They say she can hear them pleading for mercy as they die.
Whether or not this is true only one can say, and she speaks not of the dark woman on the throne. Her only words are to the birds, and doves keep secrets almost as well as stone.
He awakens to the sound of the coffin's top being lifted, the darkness of the interior suddenly flooded by dim light. The child does not know how long it had been since he passed into unconsciousness; it might have been an hour and it might have been a month. Whatever the length of time, it has done wonders for his physical condition - the hunger that threatened to consume the boy's scrawny frame from within has abruptly dissipated, replaced by a dull, hollow emptiness that starts in his chest and works its way into every limb and digit. It is not unpleasant, but then it is not at all pleasant, either. It simply ... is.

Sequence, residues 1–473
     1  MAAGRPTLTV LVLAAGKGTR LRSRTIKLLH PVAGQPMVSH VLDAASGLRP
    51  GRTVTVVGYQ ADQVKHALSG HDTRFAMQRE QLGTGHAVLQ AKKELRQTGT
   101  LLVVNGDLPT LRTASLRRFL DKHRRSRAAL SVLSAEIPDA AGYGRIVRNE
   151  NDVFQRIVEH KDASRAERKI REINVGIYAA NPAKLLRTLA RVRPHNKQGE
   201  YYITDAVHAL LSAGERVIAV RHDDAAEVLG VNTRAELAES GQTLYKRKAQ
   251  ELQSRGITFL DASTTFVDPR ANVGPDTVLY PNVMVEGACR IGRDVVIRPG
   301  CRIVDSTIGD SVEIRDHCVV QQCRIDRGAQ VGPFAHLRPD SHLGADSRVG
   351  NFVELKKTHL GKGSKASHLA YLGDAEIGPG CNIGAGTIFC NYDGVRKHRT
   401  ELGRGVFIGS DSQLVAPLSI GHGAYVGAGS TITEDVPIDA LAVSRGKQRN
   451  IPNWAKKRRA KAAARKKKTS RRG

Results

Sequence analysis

The nameless child squints up at the opening, expecting to see the masked faces of the riders or perhaps even someone from the village, unexpectedly come to rescue him. Instead, he finds himself eyeball to eyeball with a much different visage, someone loftier and greater than any priest or mysterious shrouded horseman could ever hope to be.
She is tall and frightfully pale, an oval face framed by living, breathing smoke. Her whole air speaks of regality, and the boy would be sore afraid if not for the fact that she is smiling. A slender hand is stretched out to him and he takes it, never noticing that his own now seems composed of the same inky darkness that enshrouds the tall woman like widow's weeds.
"What is your name?" she says, and her voice is the echo of water in dark grottoes far underneath the castle's foundations. The child could not refuse to answer her question even if he wanted to.
"... Th-they didn't give me a name," he replies in a whisper, eyes suddenly downcast. "They called me ... Boy." Surely when she notices his affliction the woman will turn and leave him, as everyone he had ever come across in his short life has. Who is he to address such a person, cursed and exiled as he is? They had meant for him to die here, he knows this now. Perhaps it is what a freak of nature such as he deserves.